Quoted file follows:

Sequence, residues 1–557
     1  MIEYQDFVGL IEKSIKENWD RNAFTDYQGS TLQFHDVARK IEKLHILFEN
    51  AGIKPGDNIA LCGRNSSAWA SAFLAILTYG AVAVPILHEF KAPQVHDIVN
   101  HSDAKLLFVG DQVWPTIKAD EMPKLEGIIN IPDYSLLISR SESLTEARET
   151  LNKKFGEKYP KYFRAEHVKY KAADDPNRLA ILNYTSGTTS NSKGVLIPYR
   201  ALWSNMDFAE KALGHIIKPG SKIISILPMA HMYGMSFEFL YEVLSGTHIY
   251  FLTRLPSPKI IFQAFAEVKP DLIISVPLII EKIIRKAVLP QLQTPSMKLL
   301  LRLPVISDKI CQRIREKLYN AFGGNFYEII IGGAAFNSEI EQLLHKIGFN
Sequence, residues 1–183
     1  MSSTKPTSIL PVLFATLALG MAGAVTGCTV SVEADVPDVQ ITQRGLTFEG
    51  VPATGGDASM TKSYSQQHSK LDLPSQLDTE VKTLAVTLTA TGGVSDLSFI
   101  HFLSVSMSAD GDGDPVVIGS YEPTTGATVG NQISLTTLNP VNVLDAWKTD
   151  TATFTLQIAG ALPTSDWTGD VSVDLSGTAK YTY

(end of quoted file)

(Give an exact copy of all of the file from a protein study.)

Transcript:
Sequence, residues 1–557
     1  MIEYQDFVGL IEKSIKENWD RNAFTDYQGS TLQFHDVARK IEKLHILFEN
    51  AGIKPGDNIA LCGRNSSAWA SAFLAILTYG AVAVPILHEF KAPQVHDIVN
   101  HSDAKLLFVG DQVWPTIKAD EMPKLEGIIN IPDYSLLISR SESLTEARET
   151  LNKKFGEKYP KYFRAEHVKY KAADDPNRLA ILNYTSGTTS NSKGVLIPYR
   201  ALWSNMDFAE KALGHIIKPG SKIISILPMA HMYGMSFEFL YEVLSGTHIY
   251  FLTRLPSPKI IFQAFAEVKP DLIISVPLII EKIIRKAVLP QLQTPSMKLL
   301  LRLPVISDKI CQRIREKLYN AFGGNFYEII IGGAAFNSEI EQLLHKIGFN
Sequence, residues 1–183
     1  MSSTKPTSIL PVLFATLALG MAGAVTGCTV SVEADVPDVQ ITQRGLTFEG
    51  VPATGGDASM TKSYSQQHSK LDLPSQLDTE VKTLAVTLTA TGGVSDLSFI
   101  HFLSVSMSAD GDGDPVVIGS YEPTTGATVG NQISLTTLNP VNVLDAWKTD
   151  TATFTLQIAG ALPTSDWTGD VSVDLSGTAK YTY